Creating a Tool for Measuring and Responding to Moral Injury Caused by Clergy Sexual Abuse
This project will develop a tool to measure moral injury in survivors of clergy sexual abuse, their families and friends, and other members of the community adversely impacted by an abusive clergy member. Using quantitative and qualitative methodologies, the project will use that instrument to measure moral injury in a sample population of survivors of sexual abuse, students at Jesuit institutions, and diocesan employees. It will offer an instrument that other communities can use to make strides in identifying, remediating and preventing further moral injury in the surviving church. This project aims to create resources desperately needed for church communities to move toward reconciliation. We are motivated by the belief that what pastoral care, restorative justice, and healing look like for the church should be shaped by a deeper understanding of the morally injurious effects of the sexual abuse crisis on the church as a whole.
Marcus Mescher is associate professor of Christian ethics, specializing in Catholic social teaching. He earned MTS and PhD degrees at Boston College after his undergraduate studies at Marquette University and working for several years as a youth minister. He is the author of a dozen academic articles and book chapters on topics including the ethics of marriage and family life, the moral impact of digital devices, and the primacy of mercy. His book, The Ethics of Encounter: Christian Neighbor Love as a Practice of Solidarity (Orbis, 2020), proposes how to apply Pope Francis’ vision for the “culture of encounter” in order to build a more inclusive and equitable “culture of belonging.”
Kandi Stinson completed a PhD in Sociology at the University of North Carolina – Chapel Hill. At Xavier since 1988, she currently serves as Program Director of Sociology and as Faculty Director of the Center for Teaching Excellence. Her areas of interest include gender, the sociology of health, and the sociology of religion. She has expertise in both quantitative and qualitative research methods.
Gillian Ahlgren, professor of theology, is a church historian and specialist in the Christian mystical tradition. She received her doctorate in the History of Christianity from The Divinity School of the University of Chicago in 1991. Widely considered one of the world’s leading experts on Teresa of Avila, she has written seven books and over twenty scholarly articles on such figures as Teresa of Avila, John of the Cross, Francis and Clare of Assisi, Ignatius Loyola, Julian of Norwich, and Hildegard of Bingen. Dr. Ahlgren was a founding member of the Cincinnati Women’s Team of the Ignatian Spirituality Project, which provides retreats and support meetings for women in recovery from substance abuse. She has also developed and provided recovery programming for domestic violence survivors.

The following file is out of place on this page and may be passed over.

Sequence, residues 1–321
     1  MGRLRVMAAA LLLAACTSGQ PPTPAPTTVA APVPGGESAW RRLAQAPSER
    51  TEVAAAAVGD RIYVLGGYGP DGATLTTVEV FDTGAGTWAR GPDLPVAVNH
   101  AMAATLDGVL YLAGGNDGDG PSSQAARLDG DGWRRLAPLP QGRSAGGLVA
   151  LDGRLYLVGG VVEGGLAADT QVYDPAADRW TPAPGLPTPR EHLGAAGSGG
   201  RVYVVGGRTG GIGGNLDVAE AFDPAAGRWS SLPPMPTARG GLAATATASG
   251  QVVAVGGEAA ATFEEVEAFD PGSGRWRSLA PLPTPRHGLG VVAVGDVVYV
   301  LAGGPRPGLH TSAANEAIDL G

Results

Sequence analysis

Anne Fuller is an assistant professor in the School of Psychology at Xavier University. She earned her Ph.D. in clinical psychology from Loyola University Chicago in 2017. Dr. Fuller’s research interests include community-based prevention and intervention programs as well as risk and resilience factors that influence children and adolescents’ mental health. She has also conducted research and received clinical training related to experiences of trauma among youth.
Ashley Theuring is assistant professor in theology, specializing in constructive and practical theologies. She completed her doctorate at the Boston University School of Theology in the Practical Theology program. Her theological research is informed by her past work at a rape, crisis, and abuse center, Women Helping Women of Hamilton County, where she was as an advocate and educator. Her research continues to be informed by contemporary communities of trauma survivors and focuses on exploring religious practices, meaning making, and survival in response to trauma.
Colleen Ryan Mayrand is the assistant director of retreats and Catholic student outreach in Xavier University's Dorothy Day Center for Faith and Justice. She has been working with undergraduates in various capacities for the last eleven years, including six years as director of the Service for Social Action Center at Wheeling Jesuit University in West Virginia.